## ensemble with parameters

A feature which is new in Tcl 8.6a3 is that namespace ensembles can have -parameters. This page explains this feature and shows some applications.

## Explanation

### What is a parameter?

In mathematics (and the like, e.g. physics), one sometimes distinguishes between two types of arguments for functions: "normal" arguments, and parameters. The parameters may be separated from the normal arguments by a semicolon (e.g. f (x ; q)) or bar (e.g. F(q,r | x)), but the most common is probably that the parameter appears as a subscript of the main function symbol, such as the α on Bessel's J function in [1 ]. When implemented in tcllib, this α is the first of two arguments of the math::special::Jn command, but it is usually only the second argument x that is considered a normal argument of "the Bessel J function" — α is merely a parameter.

The difference between parameters and other arguments is ultimately in the eye of the beholder, but some common distinguishing characteristics are:

• Parameters tend to not change as much as normal arguments.
• Parameters can be of a different type than ordinary variables (e.g. if one is doing calculus, then integer arguments may be put aside as parameters, since it doesn't make sense to differentiate with respect to them).
• The special case of the function that one gets by assigning fixed values to the parameters is still useful to reason about — perhaps even more useful than the general function.

In the case of math::special::Jn, all of these can be used to label the first argument as a parameter and the second as a normal argument.

### Parameters in Tcl

In some languages, syntax enforces an explicit distinction between parameters and normal arguments. In for example [2 ] (PDF document), it says:

It is important to define the mathematically natural concept, rather than the computationally natural one. This may sound obvious, but we will give an illustration: the Bessel functions. Consider the Bessel function (J_ν(z) for simplicity: the same points are true for other functions). This could be defined, as it is in all numerical libraries, as a function (ℂ×ℂ)→ℂ, […] but it makes more sense to define it as ℂ→(ℂ→ℂ), […] so that we can say that J(ν) satisfies Bessel's equation, rather than having to say that λx.J(ν,x) satisfies Bessel's equation.

Tcl is not one of these languages, since our best counterpart of "function" in the above sense is the command prefix. A practical definition of "parameter" in Tcl is argument included in the command prefix, since additional arguments provided when calling the command prefix are merely appended to the list of words that are found in it, and passed along to the base command without notice of where they came from; this (or things very much like it) is sometimes called currying [3 ] (see also Custom curry). As of Tcl 8.5, you can use list to curry any command (or command prefix), and the only cost of doing so is that you have to remember to use {*} when calling the result of this currying, since it is a command prefix rather than a command.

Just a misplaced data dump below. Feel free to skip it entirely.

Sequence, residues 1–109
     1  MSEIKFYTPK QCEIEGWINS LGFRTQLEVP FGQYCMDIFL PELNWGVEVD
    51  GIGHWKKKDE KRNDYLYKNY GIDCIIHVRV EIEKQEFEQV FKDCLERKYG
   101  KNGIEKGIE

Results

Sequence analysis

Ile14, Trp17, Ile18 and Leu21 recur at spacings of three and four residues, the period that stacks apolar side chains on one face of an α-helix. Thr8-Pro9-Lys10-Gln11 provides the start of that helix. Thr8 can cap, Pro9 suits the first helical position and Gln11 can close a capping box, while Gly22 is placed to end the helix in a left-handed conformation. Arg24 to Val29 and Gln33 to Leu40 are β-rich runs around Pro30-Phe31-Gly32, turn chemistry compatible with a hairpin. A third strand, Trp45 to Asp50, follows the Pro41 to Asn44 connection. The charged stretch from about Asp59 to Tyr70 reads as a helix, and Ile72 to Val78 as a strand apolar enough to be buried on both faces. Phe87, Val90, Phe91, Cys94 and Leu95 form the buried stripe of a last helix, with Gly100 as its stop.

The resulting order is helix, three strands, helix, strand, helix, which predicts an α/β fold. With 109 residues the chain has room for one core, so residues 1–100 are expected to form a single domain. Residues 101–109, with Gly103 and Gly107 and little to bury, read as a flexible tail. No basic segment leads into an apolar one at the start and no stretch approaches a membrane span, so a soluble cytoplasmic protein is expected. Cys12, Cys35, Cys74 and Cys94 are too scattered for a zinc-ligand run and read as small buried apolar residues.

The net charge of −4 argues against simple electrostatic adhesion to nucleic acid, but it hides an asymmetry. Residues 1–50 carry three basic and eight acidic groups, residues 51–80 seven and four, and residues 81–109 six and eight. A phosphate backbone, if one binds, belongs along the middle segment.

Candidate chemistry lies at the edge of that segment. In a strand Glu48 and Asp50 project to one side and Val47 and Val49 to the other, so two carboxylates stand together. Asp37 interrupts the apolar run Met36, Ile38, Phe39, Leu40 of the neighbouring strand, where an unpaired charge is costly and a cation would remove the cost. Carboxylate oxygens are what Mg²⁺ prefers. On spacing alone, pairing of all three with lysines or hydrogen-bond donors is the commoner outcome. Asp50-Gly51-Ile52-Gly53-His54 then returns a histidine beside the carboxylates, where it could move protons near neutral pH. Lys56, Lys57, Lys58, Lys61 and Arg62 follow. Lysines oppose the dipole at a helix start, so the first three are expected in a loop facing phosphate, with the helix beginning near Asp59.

There was however in Tcl 8.5 one class of commands which wasn't possible to bundle with parameters in a command prefix (or at least not very useful to do so), namely namespace ensembles. The reason for this was that the subcommand name of an ensemble was always the second word in the command; if you regard it as a parameter, then you're always calling the same subcommand, so you might just as well let your command prefix be what this command+subcommand combination is mapped to by the ensemble. This shouldn't be taken as saying a command+subcommand combination is never a useful command prefix (they sometimes are), rather the point is that there was no way to bundle a data parameter for an ensemble into a command prefix without also hardwiring the subcommand used.

### Ensemble parameters

The solution TIP#314 [4 ] provides to this problem is simply to add another option -parameters for namespace ensembles, which controls which word in the command is considered the subcommand name that the ensemble should map to something else. The value of this option is a list of "parameter names", and the ensemble command will step over as many arguments as there are elements in this list before picking one as the subcommand name to dispatch on. The stepped-over arguments are the ensemble parameters, which will appear before the arguments beyond the subcommand name in the target command for the ensemble call.

Example (again about Bessel functions, which is a bit of a stretch, but not entirely pointless):

namespace eval Bessel {
proc J {n x} {
# Compute Jn(x)
}
proc J_zero {n k} {
# Compute k'th positive zero of Jn
}
proc Y {n x} {
# Compute Yn(x)
}
proc Y_zero {n k} {
# Compute k'th positive zero of Yn
}
namespace export *
namespace ensemble create -parameters n
}

After this, one can say

set prefix [list Bessel \$n]

to create a command prefix for "order n Bessel functions",

{*}\$prefix J \$x

to compute Jn(x),

{*}\$prefix J_zero 4

to compute the fourth zero of Jn (this zero tends to determine the frequency of the fourth overtone of a wave propagating on a circular domain, which is involved in the reason why dinner-gongs and bells have a ringing sound rather a uniform tone), and so on.

(DKF: Note that interp alias can make these prefixes easier to use. For example, instead of set pfx {Bessel 7}, you'd do interp alias {} Bessel7 {} Bessel 7 or something like that.)Lars H: Yes, although it is important to note that you don't have to fold every command prefix into an alias; it's just something you may do when it is convenient.

## Applications

It may be noted that all of the following can be done without ensembles-with-parameters — if one needs to, any given ensemble command can be emulated using a proc with a large switch in the body — but ensembles help to improve code quality and maintainability (e.g. it is easier to add new subcommands).

### Templates for abstract data types